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Posts Tagged ‘moving’

Posting has been erratic here for several weeks because my brain has been occupied with big decisions. Like whether to apply for another job, accept another job and move to another city.

In short, the answers were yes, yes and yes.

The husband and I will be moving to Atlanta in short order.

I want to say it was a difficult decision, but it really wasn’t. Huntsville is a nice enough place, but I’m getting antsy.

I haven’t been sure about my career path for the past five years. I’ve wanted to be in the newspaper business since I was a teenager. I never quite recovered from leaving the industry, and the transition to technical writing has never felt quite right to me.

People say your job doesn’t define you. I would reply that no, it certainly does not, but you sure do spend a heck of a lot of time doing it, so you may as well try to enjoy it.

Thus, I’ve accepted an Atlanta job that I think will be an excellent fit for me — the company has already hired several former newspaper folks with great success. I’ll be doing lots of reading, analysis and writing, pretty much all the graduate school activities that I’ve been missing ever since graduation last December.

Atlanta itself? Pretty cool. Lots to do, lots to see. It contains a very busy airport that I’ve never been keen on flying through (in truth, I haven’t been very keen on layovers for several years), but that I’m more than willing to fly out of and into. Two-hour direct flights to New York City abound, and I could spend every vacation day I ever earn in Manhattan if I had the chance. Which I might.

I’ve been packing and getting rid of stuff for the past week. We’re hoping to live in Atlanta, not outside in the commute-stricken burbs, and the tradeoff for this is space. This is going to be the first move in which I really analyze what means enough to me to take. Stuff doesn’t just go in boxes because I own it; stuff goes in boxes because I want it, love it and/or will definitely use it.

I’m excited and nervous, a combination that probably indicates this is going to be awesome. It’ll offer plenty of blogging material, at the very least.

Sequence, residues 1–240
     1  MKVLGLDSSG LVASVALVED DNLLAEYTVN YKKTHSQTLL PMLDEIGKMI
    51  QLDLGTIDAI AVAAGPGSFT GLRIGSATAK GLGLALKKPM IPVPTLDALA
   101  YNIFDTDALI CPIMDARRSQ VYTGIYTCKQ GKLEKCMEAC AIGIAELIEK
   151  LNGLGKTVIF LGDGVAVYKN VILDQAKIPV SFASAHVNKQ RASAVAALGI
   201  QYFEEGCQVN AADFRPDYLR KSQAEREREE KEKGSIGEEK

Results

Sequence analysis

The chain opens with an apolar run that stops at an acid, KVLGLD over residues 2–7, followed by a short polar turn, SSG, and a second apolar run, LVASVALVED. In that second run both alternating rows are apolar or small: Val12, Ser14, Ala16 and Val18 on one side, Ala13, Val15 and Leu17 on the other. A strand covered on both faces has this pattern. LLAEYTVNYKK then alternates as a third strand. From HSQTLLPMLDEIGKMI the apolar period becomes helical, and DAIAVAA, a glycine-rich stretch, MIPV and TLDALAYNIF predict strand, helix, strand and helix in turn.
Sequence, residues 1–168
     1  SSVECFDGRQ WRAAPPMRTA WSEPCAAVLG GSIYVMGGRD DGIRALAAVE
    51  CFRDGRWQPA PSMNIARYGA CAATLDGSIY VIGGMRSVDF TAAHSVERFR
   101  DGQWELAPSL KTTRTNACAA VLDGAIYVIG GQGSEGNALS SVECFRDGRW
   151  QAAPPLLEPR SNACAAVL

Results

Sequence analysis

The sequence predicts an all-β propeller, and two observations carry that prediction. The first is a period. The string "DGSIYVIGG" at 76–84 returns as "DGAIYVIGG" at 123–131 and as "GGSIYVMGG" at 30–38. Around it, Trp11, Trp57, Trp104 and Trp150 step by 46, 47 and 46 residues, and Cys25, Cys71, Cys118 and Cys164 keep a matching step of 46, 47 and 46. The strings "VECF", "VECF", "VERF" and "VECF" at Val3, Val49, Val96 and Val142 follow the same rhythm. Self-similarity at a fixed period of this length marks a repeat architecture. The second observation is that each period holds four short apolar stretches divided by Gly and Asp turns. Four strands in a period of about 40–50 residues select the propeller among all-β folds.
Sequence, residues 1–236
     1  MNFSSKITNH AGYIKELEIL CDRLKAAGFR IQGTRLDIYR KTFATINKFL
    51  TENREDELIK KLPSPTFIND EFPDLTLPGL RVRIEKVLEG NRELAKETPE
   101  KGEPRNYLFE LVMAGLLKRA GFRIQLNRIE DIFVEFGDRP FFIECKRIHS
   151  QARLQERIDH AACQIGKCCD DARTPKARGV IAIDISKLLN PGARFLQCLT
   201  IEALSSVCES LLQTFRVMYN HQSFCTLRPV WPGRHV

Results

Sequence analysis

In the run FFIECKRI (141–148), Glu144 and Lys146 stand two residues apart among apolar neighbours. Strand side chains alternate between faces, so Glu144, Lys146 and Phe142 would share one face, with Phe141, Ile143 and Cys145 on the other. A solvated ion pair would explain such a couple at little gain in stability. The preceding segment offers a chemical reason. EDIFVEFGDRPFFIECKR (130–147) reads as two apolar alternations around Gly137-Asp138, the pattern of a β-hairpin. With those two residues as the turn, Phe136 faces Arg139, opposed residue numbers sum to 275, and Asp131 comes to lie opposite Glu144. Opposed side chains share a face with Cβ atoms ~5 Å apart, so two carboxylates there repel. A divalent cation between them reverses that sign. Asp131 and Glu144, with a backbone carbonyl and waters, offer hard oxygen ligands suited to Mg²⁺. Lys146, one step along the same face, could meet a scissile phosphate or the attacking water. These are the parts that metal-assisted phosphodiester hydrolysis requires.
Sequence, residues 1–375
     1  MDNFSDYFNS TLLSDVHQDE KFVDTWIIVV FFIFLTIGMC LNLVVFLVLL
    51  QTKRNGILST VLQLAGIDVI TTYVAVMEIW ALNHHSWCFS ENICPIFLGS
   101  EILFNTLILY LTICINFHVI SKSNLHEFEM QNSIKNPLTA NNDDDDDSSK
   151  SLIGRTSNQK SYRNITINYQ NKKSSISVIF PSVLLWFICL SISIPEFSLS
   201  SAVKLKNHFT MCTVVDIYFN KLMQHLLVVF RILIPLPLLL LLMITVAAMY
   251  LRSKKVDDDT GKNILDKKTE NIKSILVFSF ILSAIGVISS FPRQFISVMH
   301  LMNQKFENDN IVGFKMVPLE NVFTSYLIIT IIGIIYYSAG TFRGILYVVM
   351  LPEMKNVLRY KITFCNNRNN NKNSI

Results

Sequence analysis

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Pity the do-it-yourself mattress haulers of Alabama. Tasked with toting an unruly bed across town, armed with only a station wagon or minivan and cheap rope, they bravely soldier on, carrying out their duty with a degree of ineptitude and inadvisability usually exhibited by sugar-stoked, undersupervised 7-year-old boys with bottle rockets and short attention spans.

I can’t go two weeks without seeing a mattress on the side of the road, liberated by wind and poor rope skills, whether I’m driving within city limits or on county roads.

These mattresses are always used. You can tell by the – well, you can tell by the stains on them. I’m assuming they’re being moved from house to house, from apartment to apartment. Because who in their right mind would buy a used mattress? I mean, other than the dozens of people who, in the mid-1990s, purchased used (mightily used, some would say) mattresses from the Gone With the Wind Hotel in Mobile, Ala., a hotel located in a colorful part of town (a colorful part of town that I lived in, BTW).

The Gone With the Wind Hotel’s going-out-of-business sale meant that for several weeks, Dauphin Island Parkway was strewn with used, stained beyond stained mattresses, a graveyard of comfort coils and bad planning. Apparently the price was so good that people didn’t even care when the mattresses blew off of their vehicles; either they turned back around and tied another one on, or just motored on back home a few dollars lighter and, frankly, probably not that much wiser. They were buying used mattresses from a discount hotel on the side of the interstate, after all.

What exactly is the psychology behind attempting to tie a relatively heavy, incredibly floppy item to the top of one’s vehicle? What is the owner of a pickup truck thinking when he balances a large mattress across the top of a medium truck bed and leaves stability to chance, rather than proper tie-downs? Is this a Southern thing, or do people all over feel compelled to stack one of their most personal and useful possessions atop their ride, a la The Beverly Hillbillies? Why is it so much funnier to see a mattress sagging over the roof of a minivan than it is to spot one on an SUV?

The questions, they never end. Me following a vehicle going more than 25 mph with a mattress tied on top does end, however, even if I have to take the long way home.

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